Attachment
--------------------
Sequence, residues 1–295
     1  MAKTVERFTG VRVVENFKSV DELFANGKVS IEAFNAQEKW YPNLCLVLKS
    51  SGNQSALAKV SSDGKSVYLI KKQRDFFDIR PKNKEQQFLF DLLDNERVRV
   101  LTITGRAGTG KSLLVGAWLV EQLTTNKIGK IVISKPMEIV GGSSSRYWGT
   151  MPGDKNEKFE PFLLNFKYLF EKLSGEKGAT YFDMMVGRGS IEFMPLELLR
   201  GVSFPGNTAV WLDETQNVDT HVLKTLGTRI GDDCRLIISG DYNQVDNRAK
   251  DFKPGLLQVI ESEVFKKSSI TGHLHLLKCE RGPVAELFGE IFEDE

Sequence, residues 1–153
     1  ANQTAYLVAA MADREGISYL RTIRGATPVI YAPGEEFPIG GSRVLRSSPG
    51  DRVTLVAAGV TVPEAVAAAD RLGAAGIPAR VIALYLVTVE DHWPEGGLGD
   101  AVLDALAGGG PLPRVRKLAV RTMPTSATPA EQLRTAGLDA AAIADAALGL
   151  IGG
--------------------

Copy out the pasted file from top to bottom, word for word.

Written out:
Sequence, residues 1–295
     1  MAKTVERFTG VRVVENFKSV DELFANGKVS IEAFNAQEKW YPNLCLVLKS
    51  SGNQSALAKV SSDGKSVYLI KKQRDFFDIR PKNKEQQFLF DLLDNERVRV
   101  LTITGRAGTG KSLLVGAWLV EQLTTNKIGK IVISKPMEIV GGSSSRYWGT
   151  MPGDKNEKFE PFLLNFKYLF EKLSGEKGAT YFDMMVGRGS IEFMPLELLR
   201  GVSFPGNTAV WLDETQNVDT HVLKTLGTRI GDDCRLIISG DYNQVDNRAK
   251  DFKPGLLQVI ESEVFKKSSI TGHLHLLKCE RGPVAELFGE IFEDE

Sequence, residues 1–153
     1  ANQTAYLVAA MADREGISYL RTIRGATPVI YAPGEEFPIG GSRVLRSSPG
    51  DRVTLVAAGV TVPEAVAAAD RLGAAGIPAR VIALYLVTVE DHWPEGGLGD
   101  AVLDALAGGG PLPRVRKLAV RTMPTSATPA EQLRTAGLDA AAIADAALGL
   151  IGG